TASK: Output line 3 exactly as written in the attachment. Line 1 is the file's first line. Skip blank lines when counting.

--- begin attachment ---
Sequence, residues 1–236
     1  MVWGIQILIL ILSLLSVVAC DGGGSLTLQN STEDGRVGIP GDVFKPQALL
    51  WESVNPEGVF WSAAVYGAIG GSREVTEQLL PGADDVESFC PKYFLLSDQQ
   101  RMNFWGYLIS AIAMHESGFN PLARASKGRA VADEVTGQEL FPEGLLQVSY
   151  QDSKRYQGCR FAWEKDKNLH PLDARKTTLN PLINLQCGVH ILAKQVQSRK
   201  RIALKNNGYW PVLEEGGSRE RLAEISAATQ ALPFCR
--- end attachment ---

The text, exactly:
    51  WESVNPEGVF WSAAVYGAIG GSREVTEQLL PGADDVESFC PKYFLLSDQQ